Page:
A Better Use of the 200-Day Moving Average

January 24, 2023  |  Chris Rowe

On Monday, the S&P 500 index closed above the 200-day moving average. 

This kind of news always gets a lot of attention from investors… but is it justified?

The 200-day moving average is a commonly used technical indicator in stock market analysis used to smooth out fluctuations in stock prices over a certain period. It helps identify long-term trends.

If a stock’s price is above its 200-day moving average, it is generally considered to be in an uptrend. If it’s below, it’s considered to be in a downtrend. 

Some traders use the 200-day moving average as a key indicator for determining whether to buy or sell a stock.

Here is the S&P 500 index as of Monday’s close.

Does this mean investors should jump into the market now?

Using data going back to 1999, yesterday’s close is the 86th time that the price close above the 200-day moving average after trading below it previously. 

For investors who immediately jumped into the market, it may come as a disappointment to learn that only 19 trades (22.1%) were profitable with a mean gain of 7.59% vs. a mean loss of -1.22% on the 77.9% of trades that lost money. 

Now, for investors who waited until the end of the month and only bought if the price remained above the 200-day moving average on the last trading day of the month, the results are better.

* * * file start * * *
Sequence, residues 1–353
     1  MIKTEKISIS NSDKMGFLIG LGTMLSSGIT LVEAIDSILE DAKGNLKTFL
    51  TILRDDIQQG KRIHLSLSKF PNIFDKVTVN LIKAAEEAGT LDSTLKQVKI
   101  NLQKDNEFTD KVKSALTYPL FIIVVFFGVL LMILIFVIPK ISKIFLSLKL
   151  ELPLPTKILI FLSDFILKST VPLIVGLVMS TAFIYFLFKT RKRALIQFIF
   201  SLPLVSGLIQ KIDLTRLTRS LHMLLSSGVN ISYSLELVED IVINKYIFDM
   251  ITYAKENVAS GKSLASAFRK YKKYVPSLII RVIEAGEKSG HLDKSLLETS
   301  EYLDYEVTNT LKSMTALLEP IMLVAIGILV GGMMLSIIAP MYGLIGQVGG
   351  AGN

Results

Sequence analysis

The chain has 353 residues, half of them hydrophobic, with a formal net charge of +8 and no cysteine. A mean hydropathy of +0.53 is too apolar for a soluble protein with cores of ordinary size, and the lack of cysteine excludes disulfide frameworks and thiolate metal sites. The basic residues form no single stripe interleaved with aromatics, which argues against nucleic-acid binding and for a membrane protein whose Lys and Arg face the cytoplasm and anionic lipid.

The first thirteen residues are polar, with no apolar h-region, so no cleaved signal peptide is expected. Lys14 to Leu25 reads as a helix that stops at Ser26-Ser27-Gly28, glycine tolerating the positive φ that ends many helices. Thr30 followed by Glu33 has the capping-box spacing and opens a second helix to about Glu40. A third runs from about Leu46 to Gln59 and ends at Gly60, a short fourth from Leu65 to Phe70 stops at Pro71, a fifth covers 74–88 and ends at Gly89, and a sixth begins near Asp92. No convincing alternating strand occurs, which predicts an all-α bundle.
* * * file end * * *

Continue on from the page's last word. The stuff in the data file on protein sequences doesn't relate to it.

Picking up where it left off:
First, it reduces the number of trades to only 14 trades vs. the previous 86 trades.

Second, the percentage of profitable trades is 50% vs 22.1%.  

But still, it’s only 50%.

Waiting for month-end confirmation really pays off when the median gain increases to 38.21% – a five-fold improvement. So fewer trades with bigger gains. 

While the median loss size also increases to -5.76%, the increase in the percentage of wins and the median win size makes this the better choice.     

To summarize these results, immediately jumping into the market has an expected gain of 0.72% vs. an expected gain of 16.3% for the investor who patiently waits until month end for confirmation.     

The 200-day moving average is just one of many indicators used by traders and investors, and should not be relied upon solely when making investment decisions.

But maybe there’s an even better use of the 200-day moving average…

This chart reflects the percentage of stocks trading above their respective 200-day moving averages.   

Over the past year, the market has made an important bottom when this level reaches less than 20%, indicating a very washed-out condition where most stocks have seen selling pressure. 

Looking back over the past twenty years, we can see that this has only occurred 5 times and each time lead to a market rally. 

That’s 100% of the time.   

Studying the percentage of stocks above the 200-day moving average is the internal strength of the market – it’s very difficult for the broad market to perform well if less than 50% of the market participants are struggling to stay above their 200-day moving average.   

With a current reading of 68%, investors can get some comfort that the current health of the present trend is good.  

So while moving average crossovers may make the financial news, my money is on the more obscure information obtained from looking at the percentage of stocks above the 200-day moving average.

If you’d like to talk more about Avalon can help you stay adaptable to navigate the markets with success this year, schedule a free 1-hour consultation with one of our advisors right now.

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